Just released, Reintroducing Chuck Mosley: Life On and Off the Road is a book by bandmate, friend, tour and confident Douglas Esper. Available from ScoutMedia now, the book promised a look inside the life of the talented and enigmatic frontman Chuck Mosley who’s thirty-five plus years in music began on Hollywood, saw him shoot to fame with Faith No More on their first few releases, but a turbulent end led to his passing on November 19th 2017, at just age 57. Continue reading
Check out all of today’s new releases in the music world!
Primitive Race is a supergroup consisting of, among others, Chris Kniker, Mark Thwaite, Graham Crabb, Erie Loch, Tommy Victor, Raymond Watts, Dave Ogilvie, Kourtney Klein, and Mark Brooks, and thus this self-titled album (Metropolis) consists of parts of very nearly every great Industrial band that there is or has been. Consequently, the album does not have one single sound, but bounces around between various forms of the Industrial style, from the bluesy sound of ‘Cage Rattler’ to the catchy rock riffs of ‘Taking Things Back’, to the dark recesses of gothic rock of ‘Below Zero’.
One of the songs that makes a good impression is ‘So Strange’. It is nicely electronic but happily industrial. The vocals are clean, but with a slightly constricted sound that is actually quite nice as an effect making the overall thing very catchy yet non-intrusive. ‘Cage Rattler’ is also very good, although the backing vocals are monotonous to the point of annoyance. The riffs are excellent, nice and bluesy, with good solos even, but the vocals are less impressive. The screaming at the end is the best vocal performance of the song.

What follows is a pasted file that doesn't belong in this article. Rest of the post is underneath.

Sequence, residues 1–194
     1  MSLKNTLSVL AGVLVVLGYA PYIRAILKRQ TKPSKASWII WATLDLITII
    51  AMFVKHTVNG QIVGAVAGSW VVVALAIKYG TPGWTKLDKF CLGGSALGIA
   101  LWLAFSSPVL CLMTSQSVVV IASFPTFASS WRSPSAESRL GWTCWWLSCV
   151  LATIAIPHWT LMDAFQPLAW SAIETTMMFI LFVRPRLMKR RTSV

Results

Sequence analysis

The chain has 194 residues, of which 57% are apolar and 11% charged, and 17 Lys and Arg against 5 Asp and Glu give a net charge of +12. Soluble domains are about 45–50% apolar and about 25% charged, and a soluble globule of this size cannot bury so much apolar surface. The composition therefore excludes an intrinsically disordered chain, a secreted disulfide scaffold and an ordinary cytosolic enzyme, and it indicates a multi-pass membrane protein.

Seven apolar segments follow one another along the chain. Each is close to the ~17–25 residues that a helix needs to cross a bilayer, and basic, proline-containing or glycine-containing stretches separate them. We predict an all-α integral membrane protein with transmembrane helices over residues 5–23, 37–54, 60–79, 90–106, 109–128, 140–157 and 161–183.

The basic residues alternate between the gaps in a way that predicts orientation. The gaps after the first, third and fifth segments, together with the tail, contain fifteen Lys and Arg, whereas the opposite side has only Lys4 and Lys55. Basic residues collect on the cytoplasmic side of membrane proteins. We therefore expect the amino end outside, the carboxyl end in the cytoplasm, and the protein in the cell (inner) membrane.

‘Addict Now’, ‘Give Up The Ghost’, and ‘Taking Things Back’ are very different songs, but they are all solid and effective compositions. However, the best song on the album may well be ‘Below Zero’, with its incredible vocals and lovingly depressing style; reminiscent of Nine Inch Nails or Lacrimas Profundere, this is a very pleasing sound.
Not all is fun and games on this album, however. While ‘Acceptance of Reality’ has some good riffs, and enough variation to be interesting, the solo is abysmal – even for an eclectic solo there are rather few notes in the proper key. ‘Platinum Balls’ is rather boring, and ‘Follow the Leader’ is grating as the vocals are not mixed in to the music, but are layered over. The worst offender is ‘DJFH’, which has terribly annoying synths coupled with terribly bad vocals. There are just too many dropped or downright dissonant notes.
On the one hand it is great to have a lot of different styles, on the other hand, the album lacks cohesion. It bounces around from totally awesome to rather unpleasant, and with such an experienced bunch of musicians it really ought to be better.